I recently heard a story where some elite athletes achieved record times in their races, but were still unhappy because they had only shaved one-hundredth of a second off their time instead of the one-tenth of a second they were shooting for.
It brought up the question of whether it’s okay to to be upset when you fail to reach your goal. Shouldn’t we just tell ourselves and others, “It’s okay – you tried. It’s all about the process”?
I had to chew on this for awhile because, as regular readers of this blog know, I’m a big proponent of experiencing and valuing the process.
Then, serendipitously, this morning I received Doug Toft’s newest blog post, “Resolving the Tension Between Self-Acceptance and Self-Improvement.” He dissects essentially the same thing I had been thinking about: Which is more important – constantly improving or embracing the philosophy of being perfect just the way we are?
I think Doug has the right answer to this question: Yes.
Stop holding self-acceptance and self-improvement as opposites and forcing ourselves to choose one or the other. Instead, see them both as part of an underlying change process.
Self-acceptance does not stop us from changing. In fact, acceptance—non-judgmental self-awareness—promotes positive change.
In order to be in an elite category, athletes must hold themselves to an extremely high standard. They have to maintain a certain level of stress that impels them to perform at their best. So it makes sense that they would be chagrined when, even if they do well, they fall short of their own expectations.
I think the problem for them – and for all of us – is when we equate achievements, goals, and self-improvement with our intrinsic self-worth. This is the stumbling block.
Does recording a race time of 22:54 instead of the 22:44 she is aiming for mean an athlete is an unworthy person? When we non-athletes are trying to improve ourselves in some way and we fall short, does that decrease our worthiness as a person? Of course not.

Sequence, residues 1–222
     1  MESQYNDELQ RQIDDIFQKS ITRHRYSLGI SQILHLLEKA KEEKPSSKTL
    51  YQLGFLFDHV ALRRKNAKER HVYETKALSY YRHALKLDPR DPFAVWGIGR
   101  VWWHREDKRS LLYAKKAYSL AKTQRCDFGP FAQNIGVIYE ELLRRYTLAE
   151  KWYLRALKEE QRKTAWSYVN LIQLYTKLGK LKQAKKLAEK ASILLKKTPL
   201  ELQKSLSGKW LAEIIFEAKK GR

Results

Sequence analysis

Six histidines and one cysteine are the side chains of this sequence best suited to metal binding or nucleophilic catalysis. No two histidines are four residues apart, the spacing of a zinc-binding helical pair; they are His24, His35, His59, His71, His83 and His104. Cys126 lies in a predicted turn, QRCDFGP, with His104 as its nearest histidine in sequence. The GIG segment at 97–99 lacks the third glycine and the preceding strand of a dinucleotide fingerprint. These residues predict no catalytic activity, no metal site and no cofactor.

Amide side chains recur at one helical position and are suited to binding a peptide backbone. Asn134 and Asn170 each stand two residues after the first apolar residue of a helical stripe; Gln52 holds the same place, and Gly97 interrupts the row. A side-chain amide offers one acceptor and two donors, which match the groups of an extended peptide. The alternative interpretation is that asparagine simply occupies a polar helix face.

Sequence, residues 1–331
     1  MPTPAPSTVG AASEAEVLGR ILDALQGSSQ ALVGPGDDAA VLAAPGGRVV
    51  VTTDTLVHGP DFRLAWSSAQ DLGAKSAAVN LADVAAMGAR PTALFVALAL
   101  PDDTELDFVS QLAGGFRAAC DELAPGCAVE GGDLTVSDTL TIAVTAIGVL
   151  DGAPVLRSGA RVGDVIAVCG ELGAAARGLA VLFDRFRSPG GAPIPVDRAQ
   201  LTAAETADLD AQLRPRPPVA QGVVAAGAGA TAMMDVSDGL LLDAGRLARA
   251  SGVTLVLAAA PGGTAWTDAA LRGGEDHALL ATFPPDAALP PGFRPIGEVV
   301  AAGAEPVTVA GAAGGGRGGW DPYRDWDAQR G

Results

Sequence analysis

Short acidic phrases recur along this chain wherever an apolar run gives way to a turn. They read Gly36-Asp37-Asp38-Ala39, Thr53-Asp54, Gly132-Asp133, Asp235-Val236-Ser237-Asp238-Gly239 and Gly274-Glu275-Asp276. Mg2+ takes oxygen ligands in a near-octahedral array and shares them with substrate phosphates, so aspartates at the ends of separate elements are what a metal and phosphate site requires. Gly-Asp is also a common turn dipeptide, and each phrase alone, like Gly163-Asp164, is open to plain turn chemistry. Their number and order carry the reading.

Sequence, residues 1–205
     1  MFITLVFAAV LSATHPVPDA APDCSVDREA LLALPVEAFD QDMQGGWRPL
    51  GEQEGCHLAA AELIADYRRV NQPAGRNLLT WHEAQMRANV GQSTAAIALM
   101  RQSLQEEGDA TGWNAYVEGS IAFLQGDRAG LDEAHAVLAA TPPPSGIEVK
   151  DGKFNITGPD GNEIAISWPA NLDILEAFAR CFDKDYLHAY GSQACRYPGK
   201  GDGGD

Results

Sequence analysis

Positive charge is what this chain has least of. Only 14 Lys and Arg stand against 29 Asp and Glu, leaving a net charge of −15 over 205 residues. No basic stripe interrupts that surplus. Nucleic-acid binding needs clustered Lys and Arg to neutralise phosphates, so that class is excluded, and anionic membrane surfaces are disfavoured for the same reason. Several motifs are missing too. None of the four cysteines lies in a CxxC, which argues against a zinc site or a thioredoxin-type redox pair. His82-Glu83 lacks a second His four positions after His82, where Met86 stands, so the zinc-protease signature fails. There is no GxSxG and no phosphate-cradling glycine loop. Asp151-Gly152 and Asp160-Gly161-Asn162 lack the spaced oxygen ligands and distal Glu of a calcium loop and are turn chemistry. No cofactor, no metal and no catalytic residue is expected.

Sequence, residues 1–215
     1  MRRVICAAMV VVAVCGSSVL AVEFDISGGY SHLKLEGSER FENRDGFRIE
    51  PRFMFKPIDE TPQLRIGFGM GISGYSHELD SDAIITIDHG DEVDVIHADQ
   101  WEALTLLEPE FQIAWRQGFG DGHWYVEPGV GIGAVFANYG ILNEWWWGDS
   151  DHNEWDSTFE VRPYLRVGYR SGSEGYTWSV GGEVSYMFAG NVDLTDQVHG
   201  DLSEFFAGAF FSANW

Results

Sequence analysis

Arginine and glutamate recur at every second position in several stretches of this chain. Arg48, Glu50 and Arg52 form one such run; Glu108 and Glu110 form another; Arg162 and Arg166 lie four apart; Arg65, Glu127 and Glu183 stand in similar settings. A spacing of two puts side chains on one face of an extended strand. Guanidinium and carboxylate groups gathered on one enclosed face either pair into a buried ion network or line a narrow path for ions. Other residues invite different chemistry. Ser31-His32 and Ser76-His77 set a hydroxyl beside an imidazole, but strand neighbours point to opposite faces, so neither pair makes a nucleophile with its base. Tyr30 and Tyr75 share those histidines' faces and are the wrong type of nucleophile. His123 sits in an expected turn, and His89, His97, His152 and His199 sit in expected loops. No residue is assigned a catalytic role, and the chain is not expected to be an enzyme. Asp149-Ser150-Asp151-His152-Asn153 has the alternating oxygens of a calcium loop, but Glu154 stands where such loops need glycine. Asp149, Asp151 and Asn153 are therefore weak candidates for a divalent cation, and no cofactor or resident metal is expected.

Does the athlete have the right to be upset with herself about her time? Is it okay if we are frustrated that we did not achieve what we set out to do?
Yes, because allowing disappointment and frustration to be motivating forces can be a good thing. And taking responsibility for ourselves and our actions is definitely a good thing.
The problem arrives when we hold judgments about ourselves that lead us to believe we are somehow fundamentally flawed because we did not achieve our goal. And that, my friend, is just not the case.
So, as Doug reminds us, this is really not an ‘either-or proposition’ – either I achieve my goal or I give up on goals and just accept myself – it’s a ‘both-and’ proposition: I both can strive for my goal and accept myself for the intrinsically worthy person I am.
Takeaway points: Although we often receive the message that it’s okay not to achieve a goal (and it really is), it’s also okay to have high expectations and allow the frustration of not meeting that goal motivate you. The key is to make sure you don’t get achievement mixed up with your own intrinsic worth.
What are your thoughts about achievement and self-acceptance?